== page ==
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HI,

I had a below knee amputation almost 2 years ago after an motorcycle accident. My doctors told me it's absolutely important to start immediatly with medicaments against pain (sorry my english isn't the best) and gave me in addition to morphine neurontin in a dose of 800mg 3 times a day. I took it for about 6 month and reduced the dose slowly. Their explanation was that the brain is not able to "learn" having phantom pain when you stop pain immediatly. For me that worked very well :D . But I don't know if it works when you take it month/years after amputation.

Daniela

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I took neurontin for several years, the dose constantly being adjusted. I found it totally ineffective, and it made me feel peculiatr. I was already taking it for back pain before I started taking it for neuropathic pain. I continued taking it becausre 'I was so desperate for something to ease my pain. I still haven't found anything...

Lynn

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Hi everybody i am a newie RBK i have only been out of hospital 2 days i had the operation on 22 june 04 i am on 800 mg of gabapentin 3 times daily plus some other bog standard pain killlers the phantom pain is driving me mad as otherwise i feel great i cannot feel all of my leg just my foot which feels like a solid block which i cannot move (the reason i had to have the amputation was because of my foot which was completely set in one position and i had a bone infection in it) because my pre-operation pain was so bad i was on 400mg of tramodal for over 3 years (very bad) plus 2000 mg of gabapentin plus arthrotet all very high dosages/

what chance have i got in being pain feel when i was on so many strong pain killers before the operation. Has anybody got any ideas i get my leg casting on 20 july 04 and my first leg 5 days later i will try most things just to be rid of this pain.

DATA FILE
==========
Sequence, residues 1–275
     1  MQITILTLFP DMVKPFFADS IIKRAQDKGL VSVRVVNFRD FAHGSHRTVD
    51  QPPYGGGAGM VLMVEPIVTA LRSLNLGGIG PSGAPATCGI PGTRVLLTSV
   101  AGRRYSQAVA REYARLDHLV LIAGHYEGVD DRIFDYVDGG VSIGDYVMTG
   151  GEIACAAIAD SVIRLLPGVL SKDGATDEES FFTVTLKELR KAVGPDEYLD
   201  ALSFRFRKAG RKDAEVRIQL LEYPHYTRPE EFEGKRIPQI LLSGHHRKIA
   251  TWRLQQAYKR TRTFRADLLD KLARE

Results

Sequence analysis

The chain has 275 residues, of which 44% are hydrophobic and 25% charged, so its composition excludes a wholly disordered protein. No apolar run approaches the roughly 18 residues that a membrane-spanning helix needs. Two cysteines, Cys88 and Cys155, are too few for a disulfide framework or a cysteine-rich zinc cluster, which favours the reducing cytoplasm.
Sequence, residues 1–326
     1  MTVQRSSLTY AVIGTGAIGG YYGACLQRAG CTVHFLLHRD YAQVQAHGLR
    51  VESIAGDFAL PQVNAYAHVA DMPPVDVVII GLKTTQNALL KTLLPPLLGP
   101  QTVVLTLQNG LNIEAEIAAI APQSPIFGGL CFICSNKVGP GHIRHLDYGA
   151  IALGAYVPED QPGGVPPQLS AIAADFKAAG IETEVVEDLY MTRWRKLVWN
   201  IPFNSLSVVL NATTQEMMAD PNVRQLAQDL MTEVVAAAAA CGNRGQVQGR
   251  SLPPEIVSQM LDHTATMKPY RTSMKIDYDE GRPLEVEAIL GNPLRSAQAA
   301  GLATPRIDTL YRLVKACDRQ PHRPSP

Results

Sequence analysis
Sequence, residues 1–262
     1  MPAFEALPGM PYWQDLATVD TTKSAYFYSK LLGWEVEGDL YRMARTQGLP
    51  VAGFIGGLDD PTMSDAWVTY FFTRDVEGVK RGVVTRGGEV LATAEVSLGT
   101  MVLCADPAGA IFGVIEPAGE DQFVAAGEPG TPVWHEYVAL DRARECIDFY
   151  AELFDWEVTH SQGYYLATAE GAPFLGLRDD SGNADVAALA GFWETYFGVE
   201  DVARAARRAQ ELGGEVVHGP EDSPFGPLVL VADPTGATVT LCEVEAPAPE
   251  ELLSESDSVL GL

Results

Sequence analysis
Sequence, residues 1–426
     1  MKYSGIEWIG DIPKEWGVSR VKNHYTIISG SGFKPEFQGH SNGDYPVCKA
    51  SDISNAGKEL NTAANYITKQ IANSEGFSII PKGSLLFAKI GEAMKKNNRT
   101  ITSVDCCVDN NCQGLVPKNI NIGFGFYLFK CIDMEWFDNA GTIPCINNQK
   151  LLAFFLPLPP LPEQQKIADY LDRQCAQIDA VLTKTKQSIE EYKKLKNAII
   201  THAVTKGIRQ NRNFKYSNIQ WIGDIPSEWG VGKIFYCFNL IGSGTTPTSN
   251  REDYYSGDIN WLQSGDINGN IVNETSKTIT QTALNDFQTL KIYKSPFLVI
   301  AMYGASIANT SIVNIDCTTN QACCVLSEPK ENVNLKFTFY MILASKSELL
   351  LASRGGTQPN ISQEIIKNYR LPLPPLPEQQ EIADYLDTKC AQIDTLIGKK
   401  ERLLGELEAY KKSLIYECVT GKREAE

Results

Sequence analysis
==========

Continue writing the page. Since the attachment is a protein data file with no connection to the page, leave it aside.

thanks to everyone .

Tricia/Middx

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Hi Tricia,

I am so glad you have done it and now you are in your way to be back in circulation..Go girl :P

I didn't take any more pain killers after I was sent home because people would acuse me of not know what I was saying because my brain was not the same since I was drogged most of the time..well I showed to them..I flushed all my pills down the drain and start taking only tylanol, Alive, advil or ibprufen medications. When the pain was too much, I took a hot bath. It did help. Well good luck and welcome back :unsure:

Dea

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Just to add my two cents worth......

I have had the opportunity of taking two different types of medications for my plp. The first was Neurontin and the second being Gabapentin. I found the Neurontin didn't seem to be any different from the Gabapentin.

I only took it for 2 months so my outlook on the effectiveness is limited. I find I do have to take more Gabapentin in order to knock out the plp. Therefore I guess it would be more potent? One thing I hated with the Neurontin is the frequency I had to urinate. Since taking the Gabapentin the have been fewer trips to WC.

:lol:

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One thing I hated with the Neurontin is the frequency I had to urinate.

I always thought it was the beer doing that :lol: :lol: :lol:

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I kinda had a feeling the beer was doing it......but after 4 or 5 you tend to forget the "why's"!!